Today is my twenty-second birthday. I feel like since turning eighteen, all of my birthdays have just flown by. Throughout these years though, I have learned some valuable lessons from my role models, peers, and through self-discovery. Here are 22 things I've learned in 22 years.
1. Work hard now, so it can be easier for you later
You know all of those times where you couldn't be bothered to do that thing you have to? Yeah, me too. Unfortunately, when working multiple jobs, volunteering and going to classes full time, I become super drained and not want to do anything after. Since that's not how the world works, take advantage of your "high" points in the day. For me its usually from 10:00am - 2:00pm. Since those are my most productive times of day, I have made sure to get things done during then so I'm not struggling later.
2. Family doesn't have to be blood related
If you know me personally you know I don't have a large family. But this doesn't really matter to me. There are so many people in my life who I could consider family. Hold onto these people. Not only are they amazing friends, but they offer unique perspectives to your life that are extremely valuable.
3. Do something for someone other than yourself
A huge part of my life has been dedicated to volunteering. I'm not the type of person to haul myself to some foreign country to help children that are in developing countries, and you don't have to be either. It takes nothing to provide empathy for those around you. Take a moment to give someone a hand, consider the thoughts and feelings of others (I'm pretty good at that as an introvert) and you might even make some friends along the way (shout out to my ARS baes reading this).
4. Take time to slow down
Like I've mentioned: multiple jobs, full time classes, volunteering, social life, boyfriend, family... there are so many things going on all of the time. Without proper planning it can be extremely overwhelming and stressful. I make sure to schedule time to just slow down, take a nap, put on a face mask and do nothing. You should try it.
5. It's okay to be soft
If you knew me in my teens (particularly from age 13 - 16) you know that I had (okay, maybe still have) an attitude that could kill (Sorry mum). I've learned over the last few years that it is important to be vulnerable sometimes. Vulnerability does not make you weak. Especially as a woman, I can get tied up in not wanting to appear weak and fragile. Sometimes you need to let that guard down.
6. Ask for help, but be self-sufficient
Similarly to being vulnerable, asking for help can be a real challenge for me. It's important to understand your limits and when it is important to have help so you do not become overwhelmed. However, I think many people take other people's kindness for granted and are unable to be self-sufficient. Make sure that you have your shit together, but are able to understand when it is too much.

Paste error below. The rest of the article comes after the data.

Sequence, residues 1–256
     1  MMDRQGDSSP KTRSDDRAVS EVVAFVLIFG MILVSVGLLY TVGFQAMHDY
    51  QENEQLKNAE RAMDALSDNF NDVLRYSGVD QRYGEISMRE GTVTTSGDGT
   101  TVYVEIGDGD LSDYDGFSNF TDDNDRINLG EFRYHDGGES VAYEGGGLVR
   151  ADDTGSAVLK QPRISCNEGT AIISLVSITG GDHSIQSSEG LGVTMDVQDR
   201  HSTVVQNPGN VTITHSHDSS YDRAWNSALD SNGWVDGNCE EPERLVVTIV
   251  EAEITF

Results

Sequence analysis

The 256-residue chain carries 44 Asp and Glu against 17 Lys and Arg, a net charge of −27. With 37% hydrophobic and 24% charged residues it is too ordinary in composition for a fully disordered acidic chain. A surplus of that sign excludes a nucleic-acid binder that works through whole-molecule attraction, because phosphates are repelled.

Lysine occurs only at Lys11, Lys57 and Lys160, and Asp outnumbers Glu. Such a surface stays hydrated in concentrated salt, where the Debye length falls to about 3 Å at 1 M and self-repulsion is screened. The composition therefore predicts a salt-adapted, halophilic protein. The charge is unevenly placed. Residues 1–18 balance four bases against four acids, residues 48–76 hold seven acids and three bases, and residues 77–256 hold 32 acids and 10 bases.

7. Planning can only go so far
I am often told that I am "so organized" and that I "always have [my] shit together." The thing is planning can only go so far. You all know i am addicted to my planner and without it it is difficult for me to function. But some of my best nights have been the unplanned ones. Sometimes you cannot anticipate when something will go wrong. Be open to plans changing and try not to stress over it.
8. Treat yo self
I feel like there's this expectation to always have everything together and be the best version of yourself. Although these are important, it is also important to just be yourself and do what you want. Go buy yourself a damn cake, or get your nails done, or buy a new pair of shoes. As long as it isn't in excess, it will make you feel better and in the right mindset to keep working hard.
9. Question everything
The amount of Facebook articles I have read that are just so purely misinformed are ridiculous! I think as a society we need to stop absorbing media as though it is always correct. Look at your sources - is your article on how dairy is good for you funded by the dairy farmers of Canada? because I would not say that that is a credible source. Question who is profiting off your consumption of their media and see whether that is something you agree with before blindly following suit.
10. Stand by your views, but be open to other's
We all have an innate tendency to think that our input is the most important and valuable. We all have unique experiences and need to learn to listen more - myself included. Being open to other's views is a way that we can coexist in a more understanding way.
11. Your elders are not always right, but have important insight